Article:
CPCP: Borderline Personality Disorder and Chronic Pain Management in Primary Care

Dr. Alka Walter MBBS

Dr. Alka Walter MBBS

So today’s Clinical Problems in Consultation Psychiatry (CPCP) presentation was absolutely spot-on and right up the alley for primary care clinicians and consultation psychiatrists in the general hospital. Dr. Alka Walter, MBBS, is a first year resident in Family Medicine rotating through the General Hospital Psychiatry Service and did an outstanding job of outlining the major issues.

Dr. Walter’s CPCP is relevant to her practice as well as to that of psychiatrists and it dovetails nicely with a recent Grand Rounds presentation about Borderline Personality Disorder with respect to an important treatment intervention called Systems Training for Emotional Predictability and Problem Solving (STEPPS). It’s one of several evidence-based treatments which include:

  • Cognitive Behavioral Therapy
  • Dialectical Behavior Therapy
  • Mentalization Based Therapy
  • Transference Focused Psychotherapy

Broadly speaking, Borderline Personality Disorder is a pervasive pattern of unstable interpersonal relationships (“I hate you, then I love you”), unstable self-image, unstable moods, and marked impulsivity.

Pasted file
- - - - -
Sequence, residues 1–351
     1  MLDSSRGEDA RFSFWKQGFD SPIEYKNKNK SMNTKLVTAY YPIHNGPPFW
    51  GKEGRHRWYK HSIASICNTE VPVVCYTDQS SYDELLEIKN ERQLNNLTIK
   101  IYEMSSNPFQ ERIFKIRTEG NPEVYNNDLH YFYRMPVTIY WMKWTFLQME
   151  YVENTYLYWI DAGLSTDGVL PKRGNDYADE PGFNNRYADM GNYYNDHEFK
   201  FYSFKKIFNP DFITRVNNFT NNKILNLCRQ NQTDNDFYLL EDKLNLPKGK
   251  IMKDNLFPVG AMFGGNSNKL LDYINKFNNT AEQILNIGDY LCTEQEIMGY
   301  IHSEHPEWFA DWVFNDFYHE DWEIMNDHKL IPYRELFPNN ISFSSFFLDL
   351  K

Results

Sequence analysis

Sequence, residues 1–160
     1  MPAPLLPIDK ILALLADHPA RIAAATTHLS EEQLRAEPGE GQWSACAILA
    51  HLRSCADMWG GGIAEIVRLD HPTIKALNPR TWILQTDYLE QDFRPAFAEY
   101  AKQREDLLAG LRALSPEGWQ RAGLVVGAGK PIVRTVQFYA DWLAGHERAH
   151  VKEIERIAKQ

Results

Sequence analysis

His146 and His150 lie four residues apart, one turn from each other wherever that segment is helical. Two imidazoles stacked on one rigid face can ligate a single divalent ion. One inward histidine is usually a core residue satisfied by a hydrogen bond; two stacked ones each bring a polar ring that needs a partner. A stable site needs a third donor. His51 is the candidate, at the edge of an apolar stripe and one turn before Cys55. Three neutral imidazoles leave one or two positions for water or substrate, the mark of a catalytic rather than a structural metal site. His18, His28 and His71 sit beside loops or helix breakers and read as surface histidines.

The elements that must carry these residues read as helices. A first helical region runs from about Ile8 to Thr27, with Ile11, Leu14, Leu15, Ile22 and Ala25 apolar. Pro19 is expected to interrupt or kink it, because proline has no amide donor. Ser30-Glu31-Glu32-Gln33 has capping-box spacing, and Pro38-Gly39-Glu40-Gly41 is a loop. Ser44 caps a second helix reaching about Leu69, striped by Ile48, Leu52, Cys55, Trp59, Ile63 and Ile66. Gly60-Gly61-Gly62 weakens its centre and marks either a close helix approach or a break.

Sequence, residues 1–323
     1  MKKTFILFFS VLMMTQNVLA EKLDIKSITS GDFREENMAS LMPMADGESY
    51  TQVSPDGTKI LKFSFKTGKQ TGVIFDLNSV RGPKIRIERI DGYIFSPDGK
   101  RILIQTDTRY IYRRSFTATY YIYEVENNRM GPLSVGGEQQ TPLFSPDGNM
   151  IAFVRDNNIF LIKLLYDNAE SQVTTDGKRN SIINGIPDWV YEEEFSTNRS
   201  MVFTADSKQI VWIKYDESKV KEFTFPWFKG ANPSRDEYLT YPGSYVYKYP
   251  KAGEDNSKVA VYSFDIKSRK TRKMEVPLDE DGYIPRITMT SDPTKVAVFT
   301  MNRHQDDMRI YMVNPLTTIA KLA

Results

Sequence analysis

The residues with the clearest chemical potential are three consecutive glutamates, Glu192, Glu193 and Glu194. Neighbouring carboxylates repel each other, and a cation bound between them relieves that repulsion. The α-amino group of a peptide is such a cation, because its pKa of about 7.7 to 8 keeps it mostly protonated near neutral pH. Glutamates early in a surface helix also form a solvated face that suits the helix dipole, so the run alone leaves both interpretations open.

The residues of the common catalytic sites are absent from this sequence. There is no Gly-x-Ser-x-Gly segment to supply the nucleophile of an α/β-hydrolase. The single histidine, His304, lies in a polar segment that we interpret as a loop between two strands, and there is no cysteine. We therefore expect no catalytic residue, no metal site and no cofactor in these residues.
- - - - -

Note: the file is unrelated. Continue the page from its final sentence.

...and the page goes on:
According to the Grand Rounds presenters, research so far doesn’t tell us specifically which treatment works best for a particular patient. Treatment delivery mainly is driven by what’s accessible, practical for a facility to implement, and cost-effective. It’s important to have effective psychotherapy methods for treatment because the response to medications is non-specific, often there is modest improvement, and there may be exquisite sensitivity to side effects. The main features of STEPPS are that it:

  • Focuses on the present
  • Helps patients learn to manage their disorder by moving away from victimhood
  • Fosters lowering expectations that other people or things will rescue them
  • Teaches skills to others in their system, e.g., friends, significant others, individual therapists
  • It’s very acceptable to patients and therapists

Typically STEPPS has three main goals, which is to raise awareness of the illness and often reframe it as “Emotional Intensity Disorder” which is a term more in line with one’s experience of the illness; and two skills-building components, one for emotion management and one for behavior management.

A practical focus is helping patients learn how to recognize certain biases or maladaptive cognitive filters they may launch when under stress, such as vulnerability to harm and illness and abandonment among others, which are in play in primary care clinics in just the situations that Dr. Walter describes.

 References and Web Resources

Blum, N., LISW, and B. Pfohl, M.D. (2014). STEPPing Up to the Challenge of Borderline Personality Disorder. http://steppsforbpd.com/

In order to see the picture galleries of photos or powerpoint slides, click on one of the slides, which will open up the presentation to fill the screen. Use the arrow buttons to scroll left and right through the slides or up and down to view any annotations.




  1. Jim,

    Don’t forget Gunderson’s GPM model:


    Most psychiatrists are surprised to learn that office based GPM done by a psychiatrist has outcomes that are comparable to DBT.


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